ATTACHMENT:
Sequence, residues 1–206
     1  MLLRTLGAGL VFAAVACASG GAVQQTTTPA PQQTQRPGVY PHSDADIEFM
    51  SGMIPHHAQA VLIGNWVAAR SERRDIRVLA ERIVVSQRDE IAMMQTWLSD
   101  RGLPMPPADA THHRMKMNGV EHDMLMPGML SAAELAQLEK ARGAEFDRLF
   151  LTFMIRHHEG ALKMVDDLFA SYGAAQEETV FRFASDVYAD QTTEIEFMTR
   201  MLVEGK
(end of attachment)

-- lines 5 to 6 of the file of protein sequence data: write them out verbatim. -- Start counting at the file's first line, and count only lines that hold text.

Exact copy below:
   151  LTFMIRHHEG ALKMVDDLFA SYGAAQEETV FRFASDVYAD QTTEIEFMTR
   201  MLVEGK